Name: Weight of the Nation
In a Nutshell: Informational - 4 out of 5 shovels
Houston, we have a problem.
It’s well documented that the condition of overweight/obesity has exploded over the past three decades. On May 14, HBO launched a four-part documentary series exploring personal stories and research focused on the obesity epidemic and the consequences of being overweight or obese.
The Weight of the Nation campaign is led by the Centers for Disease Control and Prevention (CDC) and the National Institutes of Health (NIH) in partnership with Kaiser Permanente and the Michael & Susan Dell Foundation.
The film starts out strong, with compelling evidence that obesity is indeed a factor for significant risk of chronic disease that impacts us in serious and troubling ways. Diabetes and heart disease are not only uncommon anymore; they are increasingly present in youth and young adults. The economic implications are astounding.
But what to do about it?
According to WOTN, strong forces are at work that have caused the perfect storm for overweight/obesity: junk food marketing to kids, availability of cheap and highly processed foods, agriculture, American food culture, and physical inactivity are just some of those forces.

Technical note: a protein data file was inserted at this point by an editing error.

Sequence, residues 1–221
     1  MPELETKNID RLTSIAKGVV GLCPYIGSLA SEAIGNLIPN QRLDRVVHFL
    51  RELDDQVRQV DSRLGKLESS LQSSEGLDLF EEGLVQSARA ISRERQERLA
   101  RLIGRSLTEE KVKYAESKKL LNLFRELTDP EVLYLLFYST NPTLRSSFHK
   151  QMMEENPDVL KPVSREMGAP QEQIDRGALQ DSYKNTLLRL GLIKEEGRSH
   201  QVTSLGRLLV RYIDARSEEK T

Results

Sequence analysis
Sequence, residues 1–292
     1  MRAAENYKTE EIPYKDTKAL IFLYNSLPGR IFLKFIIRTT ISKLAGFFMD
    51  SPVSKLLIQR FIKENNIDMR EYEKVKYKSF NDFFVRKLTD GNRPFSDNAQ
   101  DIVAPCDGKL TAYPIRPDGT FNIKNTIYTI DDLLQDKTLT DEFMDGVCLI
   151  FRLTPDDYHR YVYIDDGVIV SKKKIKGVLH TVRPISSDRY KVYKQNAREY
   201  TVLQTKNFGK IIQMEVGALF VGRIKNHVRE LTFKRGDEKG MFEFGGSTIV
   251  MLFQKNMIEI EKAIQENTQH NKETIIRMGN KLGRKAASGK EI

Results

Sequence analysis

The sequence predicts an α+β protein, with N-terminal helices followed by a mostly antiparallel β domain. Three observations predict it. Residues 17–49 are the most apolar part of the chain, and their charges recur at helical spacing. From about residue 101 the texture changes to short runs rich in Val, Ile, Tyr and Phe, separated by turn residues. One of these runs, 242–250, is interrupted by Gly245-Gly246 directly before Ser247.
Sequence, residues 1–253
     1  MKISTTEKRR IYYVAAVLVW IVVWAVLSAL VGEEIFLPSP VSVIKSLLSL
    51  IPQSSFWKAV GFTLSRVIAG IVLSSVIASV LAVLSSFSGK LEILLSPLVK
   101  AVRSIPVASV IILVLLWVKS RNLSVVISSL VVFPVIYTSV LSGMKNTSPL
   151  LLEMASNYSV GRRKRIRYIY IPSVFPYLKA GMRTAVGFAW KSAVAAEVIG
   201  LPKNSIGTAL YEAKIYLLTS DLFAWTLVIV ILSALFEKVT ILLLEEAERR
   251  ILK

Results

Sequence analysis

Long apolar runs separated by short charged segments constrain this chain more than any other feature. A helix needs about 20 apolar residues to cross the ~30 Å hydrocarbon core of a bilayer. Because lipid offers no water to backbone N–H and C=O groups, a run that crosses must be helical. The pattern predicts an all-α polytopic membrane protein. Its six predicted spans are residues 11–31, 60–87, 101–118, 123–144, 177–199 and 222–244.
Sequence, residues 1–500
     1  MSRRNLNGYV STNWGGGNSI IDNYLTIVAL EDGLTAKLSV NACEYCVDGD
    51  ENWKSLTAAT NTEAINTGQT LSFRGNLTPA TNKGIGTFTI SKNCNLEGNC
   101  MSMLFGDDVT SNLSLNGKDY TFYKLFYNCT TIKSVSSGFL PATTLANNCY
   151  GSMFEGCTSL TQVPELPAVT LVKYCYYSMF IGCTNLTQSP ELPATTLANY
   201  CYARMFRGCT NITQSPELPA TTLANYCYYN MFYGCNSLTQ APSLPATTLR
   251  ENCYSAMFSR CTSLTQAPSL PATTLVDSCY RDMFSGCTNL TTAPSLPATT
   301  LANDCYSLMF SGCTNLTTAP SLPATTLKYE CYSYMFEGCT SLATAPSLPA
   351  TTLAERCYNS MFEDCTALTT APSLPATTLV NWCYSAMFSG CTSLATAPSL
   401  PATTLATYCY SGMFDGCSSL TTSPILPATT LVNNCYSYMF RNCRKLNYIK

A lot has been written in support of WOTN; some, however, suggest it doesn’t go far enough. Some critics suggest it encourages size shaming and stigma.
But there is no question that we must continue to examine the influence of the food industry with a greater eye toward how it operates --- and call for change – if we are to make a difference in the lives of young people who are overwhelmed in the presence of junk and fast food marketing. We must continue to examine ethnic and racial disparities and access to healthy food in all communities.
And we must bring back activity into the lives of young people – and not necessarily P.E. class – but field trips to farms and farmers markets and county fairs.
Watch Weight of the Nation (available on HBO’s website) and tell us what you think.